Secondeven Defiance must be done with caution. On the wall of a private art gallery in Dubai, the liveliest city in the United Arab Emirates (United Arab Emirates), is an office loft. They contain pictures of homemade sex toys: just pictures, because if they were genuine, the Dubai police might confiscate them; they are homemade, because importing is prohibited.
Sexual taboos have been broken across the Middle East in recent years. Receptionists no longer check to see if couples sharing Saudi hotel rooms are married.last year United Arab Emirates Legalize premarital sex. The growing enthusiasm for sex toys reflects women’s rejection of the idea that men should be in control of their sexuality.
In Dubai, customs inspectors search the bags of incoming travelers, especially Arab women, and confiscate any sex toys. Most people will be warned. But under the country’s obscenity laws, they can be fined up to 50,000 dirhams ($13,000) and jailed.
Similar colonial-era laws prevail throughout the Middle East. Every year, customs officials across the region confiscate dildos, vibrators and furry handcuffs. Many religious preachers reinforce this attitude.Most people think that masturbation is holy place or prohibited.Shia Islam’s leading ayatollahs, Iran’s Ali Khamenei and Iraq’s Ali Sistani, released Fatwa Sex toys are specifically prohibited. Sunni scholars also strongly disagree with them. An Iranian mullah has warned women against peeling eggplants lest it arouse inappropriate thoughts. “Self-pleasure is the biggest no-no here,” says Christina Lindea, a Finnish sexologist based in Dubai.
Yet people have found ways around the ban. Some lingerie stores in Dubai Mall double as under-counter sex shops. Online stores offer “wellness enhancements,” advertising the vibrators as electric facial massagers. Global demand for sex toys has soared during the pandemic. Sexologists and retailers in the Middle East are seeing similar trends. A vibrator called Deem costs $85 online; it’s sold out twice.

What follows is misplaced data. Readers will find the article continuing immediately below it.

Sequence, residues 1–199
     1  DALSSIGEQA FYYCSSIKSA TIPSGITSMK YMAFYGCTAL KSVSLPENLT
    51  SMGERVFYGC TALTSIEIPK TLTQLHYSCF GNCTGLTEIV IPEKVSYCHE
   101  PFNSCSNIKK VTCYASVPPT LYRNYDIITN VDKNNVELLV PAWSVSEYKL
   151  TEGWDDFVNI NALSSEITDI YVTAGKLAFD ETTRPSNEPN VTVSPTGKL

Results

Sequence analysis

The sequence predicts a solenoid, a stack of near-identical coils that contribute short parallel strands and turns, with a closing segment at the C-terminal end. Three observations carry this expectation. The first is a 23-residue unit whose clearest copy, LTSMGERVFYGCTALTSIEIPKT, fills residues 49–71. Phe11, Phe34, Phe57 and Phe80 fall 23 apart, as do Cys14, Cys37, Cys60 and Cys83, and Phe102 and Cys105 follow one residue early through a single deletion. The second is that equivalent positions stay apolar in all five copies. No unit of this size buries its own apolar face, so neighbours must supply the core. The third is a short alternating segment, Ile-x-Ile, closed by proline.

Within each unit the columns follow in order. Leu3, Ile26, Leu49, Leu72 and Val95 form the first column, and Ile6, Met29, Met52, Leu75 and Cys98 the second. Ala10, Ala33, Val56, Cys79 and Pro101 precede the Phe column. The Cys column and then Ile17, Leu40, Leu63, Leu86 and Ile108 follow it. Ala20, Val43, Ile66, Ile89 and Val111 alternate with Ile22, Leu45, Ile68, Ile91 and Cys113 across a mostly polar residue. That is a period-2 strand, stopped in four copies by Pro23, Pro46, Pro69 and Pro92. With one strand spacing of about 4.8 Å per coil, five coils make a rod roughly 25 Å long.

Turning to sex toys is part of women’s desire for greater power, said Sura, founder of Mauj, a site run by Arab women whose name means “wave” (sexual pleasure) and sells Deems. In places like Dubai, expats make up 90% United Arab EmiratesThe population is shifting at an accelerated rate.
More open-minded religious figures are also at play. Unlike their Christian counterparts, Muslim clerics have long maintained that their religion encourages sexual pleasure, not just procreation.Sheikh Muhammad Fadlallah, an influential Lebanese Shiite cleric who died in 2010, argued that female masturbation was not holy place Because there is no semen overflowing. He added that a dildo is a legal substitute if the husband is absent or unable to meet the wife’s needs. Others are now making similar arguments. Ebrahim Desai, a Sunni cleric from South Africa, endorses the use of sex toys for foreplay between married couples. Some Saudi clerics say vibrators are acceptable if they are not “intrusive”.
New platforms launched by women promote self-pleasure as an act of female liberation. Online videos are filling a sex-education gap by regulating taboo words like clitoris.Bizzle Arabic; Chu Chu Lai Persian). Egyptian platform Love Matters challenges the stigma surrounding female sexuality. “The tide is turning in the Middle East,” Sura said. “We’re addressing the culture of stigma that dominates our bodies and our lives, and helping women confront and explore their sexuality.” If all else fails, suggest another site, “Use your…fingers. They’re free—and They are not banned!” ■